Dear Journalist:

On June 22, 2009, the National People’s Congress (NPC), the Chinese legislature, reviewed and discussed but did not pass a draft revision of the Law on Guarding State Secrets (hereafter, State Secrets Law). It has since released the draft revision for public comment until July 31.

As you know, China’s state secrets system - consisting of laws and regulations accumulated since the early 1950s, with the State Secrets Law as its centerpiece - is perhaps the most powerful tool the Chinese government has at its disposal to control access to information and to punish those who express views disapproved by the government.

According to the NPC’s stated explanations and goals (see end of this e-mail for a summary), the revision - consisting of 51 articles, versus 35 articles in the current State Secrets Law - is meant to address the technological advances that have taken place since the State Secrets Law was first promulgated in 1988, and is largely aimed at placing greater, tighter, and more meticulous control over classified information in the digital age.

Among the key proposed provisions are:

  • Exclusion of limitations on the definition of state secrets. The exclusion of a provision in the existing State Secrets Law - Article 8: “Matters that do not conform with the provisions of Article 2 of this law shall not be considered state secrets” - has the potential of greatly expanding what can be considered state secrets.

  • Detailed provisions on the management of information in electronic form, including electronic data storage and connectivity to the Internet or public networks. (Draft Articles 22-26 describe specific prohibitions in the context of storing, distributing, transferring, and disseminating electronic information.)

  • Clear delineation of a hierarchy of authorities to investigate and prosecute misconduct involving state secrets and discipline those involved. (Draft Articles 37-43 detail the process of investigation, including provisions requiring full cooperation of concerned individuals and entities and permitting seizure of relevant materials and equipment. In contrast, Article 30 of the existing State Secrets Law states only that, upon receiving reports of misconduct relating to state secrets, state authorities shall “deal with the matter without delay.”)

  • New classifications of the personnel handling state secrets and provisions requiring personnel to sign agreements to keep secrets. (Draft Article 33: “Personnel working in jobs that involve secrets … shall be classified according to the degree of involvement with secrets into ‘core personnel involved with secrets,’ ‘important personnel involved with secrets,’ and ‘general personnel involved with secrets’ … . Personnel involved with secrets … shall agree to and sign a letter of promise to maintain secrecy, and shall not in any manner disclose state secrets.”)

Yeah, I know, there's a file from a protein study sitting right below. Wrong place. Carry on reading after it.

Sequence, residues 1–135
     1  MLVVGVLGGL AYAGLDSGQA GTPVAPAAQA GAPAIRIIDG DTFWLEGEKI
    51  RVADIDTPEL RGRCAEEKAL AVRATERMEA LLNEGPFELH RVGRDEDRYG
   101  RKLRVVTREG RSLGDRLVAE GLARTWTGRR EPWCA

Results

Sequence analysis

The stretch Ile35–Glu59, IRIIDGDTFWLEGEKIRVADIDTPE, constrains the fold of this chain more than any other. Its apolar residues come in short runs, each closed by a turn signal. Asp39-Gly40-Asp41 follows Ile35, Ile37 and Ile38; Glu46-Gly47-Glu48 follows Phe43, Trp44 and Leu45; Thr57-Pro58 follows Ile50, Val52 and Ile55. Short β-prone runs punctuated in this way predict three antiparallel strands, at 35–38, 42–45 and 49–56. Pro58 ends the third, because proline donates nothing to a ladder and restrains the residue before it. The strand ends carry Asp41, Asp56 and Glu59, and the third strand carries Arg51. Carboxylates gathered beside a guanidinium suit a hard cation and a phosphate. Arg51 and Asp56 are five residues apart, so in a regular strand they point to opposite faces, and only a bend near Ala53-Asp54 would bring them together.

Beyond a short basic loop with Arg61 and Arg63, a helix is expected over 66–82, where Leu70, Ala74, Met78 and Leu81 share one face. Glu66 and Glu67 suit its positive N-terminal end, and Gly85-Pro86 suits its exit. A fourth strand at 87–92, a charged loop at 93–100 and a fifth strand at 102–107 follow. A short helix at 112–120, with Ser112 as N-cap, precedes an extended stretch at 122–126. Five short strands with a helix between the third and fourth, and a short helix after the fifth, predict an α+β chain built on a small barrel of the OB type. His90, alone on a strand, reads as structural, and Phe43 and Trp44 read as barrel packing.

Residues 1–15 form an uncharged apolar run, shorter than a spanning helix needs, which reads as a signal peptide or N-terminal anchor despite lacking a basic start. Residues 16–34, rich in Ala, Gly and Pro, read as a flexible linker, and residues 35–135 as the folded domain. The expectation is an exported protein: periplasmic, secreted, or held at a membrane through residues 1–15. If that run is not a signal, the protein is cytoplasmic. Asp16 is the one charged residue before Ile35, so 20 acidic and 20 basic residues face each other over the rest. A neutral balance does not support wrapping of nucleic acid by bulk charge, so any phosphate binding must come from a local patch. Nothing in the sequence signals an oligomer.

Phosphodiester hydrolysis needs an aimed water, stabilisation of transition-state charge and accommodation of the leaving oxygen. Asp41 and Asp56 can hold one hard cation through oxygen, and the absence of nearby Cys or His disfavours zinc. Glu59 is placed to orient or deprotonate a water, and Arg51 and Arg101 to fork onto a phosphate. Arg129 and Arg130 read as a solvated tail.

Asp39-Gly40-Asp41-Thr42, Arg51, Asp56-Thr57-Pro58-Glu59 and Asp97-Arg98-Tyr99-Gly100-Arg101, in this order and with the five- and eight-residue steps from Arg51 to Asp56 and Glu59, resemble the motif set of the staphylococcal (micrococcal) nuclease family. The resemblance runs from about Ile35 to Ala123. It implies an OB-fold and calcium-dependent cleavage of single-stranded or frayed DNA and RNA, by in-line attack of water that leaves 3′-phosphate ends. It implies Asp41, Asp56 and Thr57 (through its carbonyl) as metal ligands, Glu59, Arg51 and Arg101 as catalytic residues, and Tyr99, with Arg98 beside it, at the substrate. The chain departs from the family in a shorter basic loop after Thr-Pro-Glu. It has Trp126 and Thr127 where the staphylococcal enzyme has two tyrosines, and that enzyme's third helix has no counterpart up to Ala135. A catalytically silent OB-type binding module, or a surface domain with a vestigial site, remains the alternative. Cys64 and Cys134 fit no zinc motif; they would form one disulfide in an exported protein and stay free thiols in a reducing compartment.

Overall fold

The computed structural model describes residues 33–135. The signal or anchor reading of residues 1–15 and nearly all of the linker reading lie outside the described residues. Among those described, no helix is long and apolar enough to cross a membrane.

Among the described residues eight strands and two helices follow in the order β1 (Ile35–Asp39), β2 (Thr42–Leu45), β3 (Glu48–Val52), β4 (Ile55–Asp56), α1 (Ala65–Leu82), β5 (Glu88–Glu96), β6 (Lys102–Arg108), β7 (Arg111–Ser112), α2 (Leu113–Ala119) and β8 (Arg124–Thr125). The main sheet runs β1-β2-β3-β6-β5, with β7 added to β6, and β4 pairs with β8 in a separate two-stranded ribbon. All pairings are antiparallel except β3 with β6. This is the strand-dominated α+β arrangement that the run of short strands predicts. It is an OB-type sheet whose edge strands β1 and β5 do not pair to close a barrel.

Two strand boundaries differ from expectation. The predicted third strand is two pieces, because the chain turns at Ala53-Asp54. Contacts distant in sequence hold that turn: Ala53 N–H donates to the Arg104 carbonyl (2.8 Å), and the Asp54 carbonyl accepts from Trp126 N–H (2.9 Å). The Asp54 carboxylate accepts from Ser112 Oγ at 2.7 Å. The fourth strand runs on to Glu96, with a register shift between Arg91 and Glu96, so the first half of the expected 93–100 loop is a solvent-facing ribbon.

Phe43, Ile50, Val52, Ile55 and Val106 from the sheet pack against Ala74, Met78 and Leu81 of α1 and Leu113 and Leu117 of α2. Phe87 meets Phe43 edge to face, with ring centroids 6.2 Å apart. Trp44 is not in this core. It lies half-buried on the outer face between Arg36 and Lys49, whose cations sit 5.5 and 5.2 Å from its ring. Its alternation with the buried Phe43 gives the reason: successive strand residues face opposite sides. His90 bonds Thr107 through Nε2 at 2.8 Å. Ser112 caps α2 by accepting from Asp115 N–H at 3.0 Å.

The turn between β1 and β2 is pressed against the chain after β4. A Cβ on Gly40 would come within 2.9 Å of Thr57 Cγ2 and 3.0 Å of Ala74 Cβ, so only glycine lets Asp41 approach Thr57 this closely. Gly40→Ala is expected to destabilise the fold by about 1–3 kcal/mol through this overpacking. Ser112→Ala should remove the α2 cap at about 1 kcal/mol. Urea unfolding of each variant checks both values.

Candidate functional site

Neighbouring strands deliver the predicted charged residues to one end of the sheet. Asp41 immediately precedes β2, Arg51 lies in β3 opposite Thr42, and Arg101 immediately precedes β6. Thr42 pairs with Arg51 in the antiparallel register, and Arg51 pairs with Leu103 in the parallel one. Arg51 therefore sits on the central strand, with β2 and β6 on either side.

• Increase in the penalties for violations. (Draft Articles 44-49 set out specific monetary fines and administrative and criminal consequences.)

  • Confinement of knowledge of state secrets among the smallest possible number of personnel and government agencies/departments. (Draft Article 14)

Notably, the draft revision does not contain measures that are essential to reforming the political culture of secrecy or promoting the rule of law. Among these measures are:

  • Adoption of a clear and concise definition of state secrets that is in keeping with international legal standards, including the requirement that any restriction on freedom of expression be narrow, specific, and limited to information that would threaten the life of the nation if disclosed, as provided for in the International Covenant on Civil and Political Rights and the Johannesburg Principles on National Security, Freedom of Expression and Access to Information.

  • Elimination of retroactive classification of information as state secrets.

To provide an overview of the proposed legislation for the English-speaking public, HRIC has prepared the following items (all the items are attached):

  • Law of the People’s Republic of China on Guarding State Secrets (Revised Draft) Full Text and Explanation (English translation by Human Rights in China and Chinese original)

  • Examples of Cases Involving Charges Related to State Secrets from 2007 to Present

  • Resources on the Draft Revision of the Law on Guarding State Secrets

Please feel free to contact us if you have questions.


Mi Ling Tsui

Human Rights in China

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